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When a Brother Sins Against You, Part One

It is apparent a church is drastically limited and even defeated if the practice of loving reconciliation is not a part of that church's life—1 Cor. 6:7. What is disturbing is that in many ways believers are following the practices of those outside the church, in order to bring about resolution to differences between two opposing parties. This is seen particularly in lawsuits and divorces between Christians, as well as in general church dysfunction.

Jesus has given us a complete and concise answer to this dilemma in Matt. 18:15-20. This teaching, although forgotten by many, needs to be reestablished as the only acceptable means of reconciliation between brothers and sisters in Christ (members of the church). The process has mixed reviews in and out of the church. There are those who feel it is impractical and illegal in the 21st century, and there are some fanatical groups who have taken this process beyond what Jesus intended. Still, these are Jesus' words, and if properly understood and practiced in the Spirit of Christ, they are very effective in bringing reconciliation between believers.

Bill Gothard has written, "If God gave me the opportunity to exchange my life for the establishment of one truth among all Christians, and I wanted to make my life count to the greatest possible extent, I would choose the truth of Matthew 18 in the spirit of Galatians 6:1." I agree. Matthew 18 is one of the most significant passages of Scripture in the Bible, and also one of the clearest step-by-step instructions that Christ gave to His disciples. (Read Matthew 18:15-20.)

The Steps of Reconciliation

Matthew 18:15-20

15 "If your brother sins against you, go and show him his fault, just between the two of you. If he listens to you, you have won your brother over. 16 But if he will not listen, take one or two others along, so that `every matter may be established by the testimony of two or three witnesses.' 17 If he refuses to listen to them, tell it to the church; and if he refuses to listen even to the church, treat him as you would a pagan or a tax collector. 18 "I tell you the truth, whatever you bind on earth will be bound in heaven, and whatever you loose on earth will be loosed in heaven. 19 "Again, I tell you that if two of you on earth agree about anything you ask for, it will be done for you by my Father in heaven. 20 For where two or three come together in my name, there am I with them."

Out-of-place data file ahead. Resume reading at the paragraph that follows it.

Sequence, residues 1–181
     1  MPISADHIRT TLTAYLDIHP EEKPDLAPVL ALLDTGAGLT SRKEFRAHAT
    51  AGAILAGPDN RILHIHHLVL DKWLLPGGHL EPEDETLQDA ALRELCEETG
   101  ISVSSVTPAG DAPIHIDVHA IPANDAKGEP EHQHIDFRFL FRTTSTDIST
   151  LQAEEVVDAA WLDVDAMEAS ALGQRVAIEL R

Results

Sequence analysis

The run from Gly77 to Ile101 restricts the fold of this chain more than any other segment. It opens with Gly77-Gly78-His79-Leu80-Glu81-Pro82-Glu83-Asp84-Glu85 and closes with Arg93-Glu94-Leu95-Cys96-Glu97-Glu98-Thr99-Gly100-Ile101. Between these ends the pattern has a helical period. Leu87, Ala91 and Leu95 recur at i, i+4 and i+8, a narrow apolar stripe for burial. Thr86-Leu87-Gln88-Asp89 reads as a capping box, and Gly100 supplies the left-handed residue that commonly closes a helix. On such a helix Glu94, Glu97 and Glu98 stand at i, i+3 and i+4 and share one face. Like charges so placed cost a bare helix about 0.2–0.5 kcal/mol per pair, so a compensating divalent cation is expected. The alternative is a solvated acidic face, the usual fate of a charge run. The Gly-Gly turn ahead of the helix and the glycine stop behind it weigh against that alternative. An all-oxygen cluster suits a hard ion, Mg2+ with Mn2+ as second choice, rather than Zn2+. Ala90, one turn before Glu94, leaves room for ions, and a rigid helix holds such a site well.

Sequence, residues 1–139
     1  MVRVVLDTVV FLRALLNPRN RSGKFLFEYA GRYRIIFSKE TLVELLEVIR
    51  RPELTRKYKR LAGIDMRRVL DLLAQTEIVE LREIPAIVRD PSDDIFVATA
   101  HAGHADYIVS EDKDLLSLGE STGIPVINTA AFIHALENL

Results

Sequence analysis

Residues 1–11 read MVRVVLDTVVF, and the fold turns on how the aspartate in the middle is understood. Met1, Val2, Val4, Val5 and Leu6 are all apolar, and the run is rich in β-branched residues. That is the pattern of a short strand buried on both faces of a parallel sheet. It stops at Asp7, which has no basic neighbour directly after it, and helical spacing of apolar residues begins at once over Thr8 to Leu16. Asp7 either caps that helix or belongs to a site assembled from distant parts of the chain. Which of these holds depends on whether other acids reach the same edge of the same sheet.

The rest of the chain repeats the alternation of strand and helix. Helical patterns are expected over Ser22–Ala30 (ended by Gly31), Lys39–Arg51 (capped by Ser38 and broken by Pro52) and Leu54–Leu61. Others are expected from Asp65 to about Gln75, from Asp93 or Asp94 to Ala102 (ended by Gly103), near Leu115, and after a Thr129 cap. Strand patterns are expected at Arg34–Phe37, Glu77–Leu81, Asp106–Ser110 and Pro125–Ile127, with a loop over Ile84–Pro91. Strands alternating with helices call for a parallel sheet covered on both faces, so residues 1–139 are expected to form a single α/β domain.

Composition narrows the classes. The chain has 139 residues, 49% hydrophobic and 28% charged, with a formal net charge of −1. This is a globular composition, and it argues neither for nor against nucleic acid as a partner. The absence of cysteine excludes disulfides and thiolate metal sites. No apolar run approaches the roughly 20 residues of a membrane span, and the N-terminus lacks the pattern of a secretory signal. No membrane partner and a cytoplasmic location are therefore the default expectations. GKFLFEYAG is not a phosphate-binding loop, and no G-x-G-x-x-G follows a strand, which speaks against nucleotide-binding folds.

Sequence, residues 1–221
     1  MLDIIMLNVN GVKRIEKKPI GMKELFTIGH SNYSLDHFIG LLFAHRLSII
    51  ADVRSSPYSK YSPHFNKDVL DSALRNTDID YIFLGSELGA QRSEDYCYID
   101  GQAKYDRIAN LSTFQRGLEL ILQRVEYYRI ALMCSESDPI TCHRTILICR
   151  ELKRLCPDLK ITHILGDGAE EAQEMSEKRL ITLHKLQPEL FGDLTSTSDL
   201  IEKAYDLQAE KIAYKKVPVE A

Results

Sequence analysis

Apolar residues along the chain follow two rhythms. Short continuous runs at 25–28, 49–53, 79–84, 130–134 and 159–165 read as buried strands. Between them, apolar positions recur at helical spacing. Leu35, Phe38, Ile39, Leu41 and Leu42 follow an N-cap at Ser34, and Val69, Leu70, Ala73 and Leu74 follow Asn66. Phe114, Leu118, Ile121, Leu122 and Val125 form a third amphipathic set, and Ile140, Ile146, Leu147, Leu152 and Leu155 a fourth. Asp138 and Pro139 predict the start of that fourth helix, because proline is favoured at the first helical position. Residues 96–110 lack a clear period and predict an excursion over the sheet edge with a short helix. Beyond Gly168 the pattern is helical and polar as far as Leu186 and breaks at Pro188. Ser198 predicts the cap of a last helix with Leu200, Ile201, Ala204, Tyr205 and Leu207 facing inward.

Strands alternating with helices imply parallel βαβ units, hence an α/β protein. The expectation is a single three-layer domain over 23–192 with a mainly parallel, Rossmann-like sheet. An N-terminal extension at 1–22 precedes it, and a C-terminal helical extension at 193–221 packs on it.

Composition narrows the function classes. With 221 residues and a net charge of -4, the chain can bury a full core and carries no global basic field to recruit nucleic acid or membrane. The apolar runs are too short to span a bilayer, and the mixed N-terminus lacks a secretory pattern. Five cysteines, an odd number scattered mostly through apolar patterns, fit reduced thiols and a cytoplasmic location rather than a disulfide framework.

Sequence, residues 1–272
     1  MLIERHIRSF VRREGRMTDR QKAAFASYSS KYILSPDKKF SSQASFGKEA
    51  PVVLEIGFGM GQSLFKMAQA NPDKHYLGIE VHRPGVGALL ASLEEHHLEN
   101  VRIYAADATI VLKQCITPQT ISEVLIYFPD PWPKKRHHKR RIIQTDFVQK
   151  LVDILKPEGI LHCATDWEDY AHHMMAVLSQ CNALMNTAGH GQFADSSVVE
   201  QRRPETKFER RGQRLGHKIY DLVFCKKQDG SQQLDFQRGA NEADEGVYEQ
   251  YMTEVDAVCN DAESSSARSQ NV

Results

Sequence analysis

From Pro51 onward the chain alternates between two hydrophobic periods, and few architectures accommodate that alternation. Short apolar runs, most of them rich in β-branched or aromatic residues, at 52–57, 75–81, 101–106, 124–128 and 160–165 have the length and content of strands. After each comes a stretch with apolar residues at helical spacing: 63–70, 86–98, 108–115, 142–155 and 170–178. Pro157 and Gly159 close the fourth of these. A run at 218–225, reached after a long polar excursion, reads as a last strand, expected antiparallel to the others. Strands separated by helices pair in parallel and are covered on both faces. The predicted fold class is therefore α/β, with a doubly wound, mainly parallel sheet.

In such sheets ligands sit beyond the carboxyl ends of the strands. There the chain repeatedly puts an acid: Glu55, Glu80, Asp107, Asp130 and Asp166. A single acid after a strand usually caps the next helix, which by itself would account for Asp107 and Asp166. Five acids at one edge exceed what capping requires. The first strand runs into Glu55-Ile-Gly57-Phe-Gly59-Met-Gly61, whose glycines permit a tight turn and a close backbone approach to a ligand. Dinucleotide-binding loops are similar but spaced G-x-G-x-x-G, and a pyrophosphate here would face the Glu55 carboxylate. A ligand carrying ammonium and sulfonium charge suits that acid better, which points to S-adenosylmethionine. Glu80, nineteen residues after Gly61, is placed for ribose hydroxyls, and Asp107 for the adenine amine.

It is interesting that Jesus began to speak about steps of reconciliation before the church was birthed. Notice the context (vv. 12-13—"What do you think? If a man owns a hundred sheep, and one of them wanders away, will he not leave the ninety-nine on the hills and go to look for the one that wandered off? And if he finds it, I tell you the truth, he is happier about that one sheep than about the ninety-nine that did not wander off"). Jesus shows us in this parable the need to seek after those who have fallen into sin, and have thus separated themselves from the care of the flock (church).

The problem that Jesus addresses in vv. 15-20 is a sin problem between believers; in fact, the process we're discussing must only be involved in the process with a brother or a sister. These steps will not work between unbelievers, nor between a believer and an unbeliever.

If, however, a spiritual relationship is present, we must be aware:

God and the world expects us to show loyalty to each other.

1 John 3:16—"This is how we know what love is: Jesus Christ laid down his life for us. And we ought to lay down our lives for our brothers."

Gal. 6:10—"Therefore, as we have opportunity, let us do good to all people, especially to those who belong to the family of believers."

One of the best tests of our love for our brothers and sisters, in fact, is to be willing to confront—Prov. 27:6. Why must we confront?

This person sins.

15] "If your brother sins. . . "

Sin is defined as "to miss the mark." The Greek tense here indicates a specific act of sin.

 

Who do they sin against?

This person sins against you.

15] "If your brother sins against you. . . "

It is a specific sin, the breaking of God's laws and principles. If we read about Nathan's confrontation with David, for example, it is obvious it involved a specific sin—2 Sam. 12. This is an illustration of what is happening in Matthew 18. It is also a sin that will be apparent if two or three believers are called in as witnesses. It is verifiable by a specific passage of Scripture.

We are not talking here about a weakness nor a personality defect; we all have them. Most often they don't endanger our relationships. If these weaknesses become points of conflict, a word of encouragement, discussion, or rebuke is called for; then they are allowed to pass. Here in Matthew 18, Jesus is talking about things that the Word of God has already judged.

The Solution

What is the answer?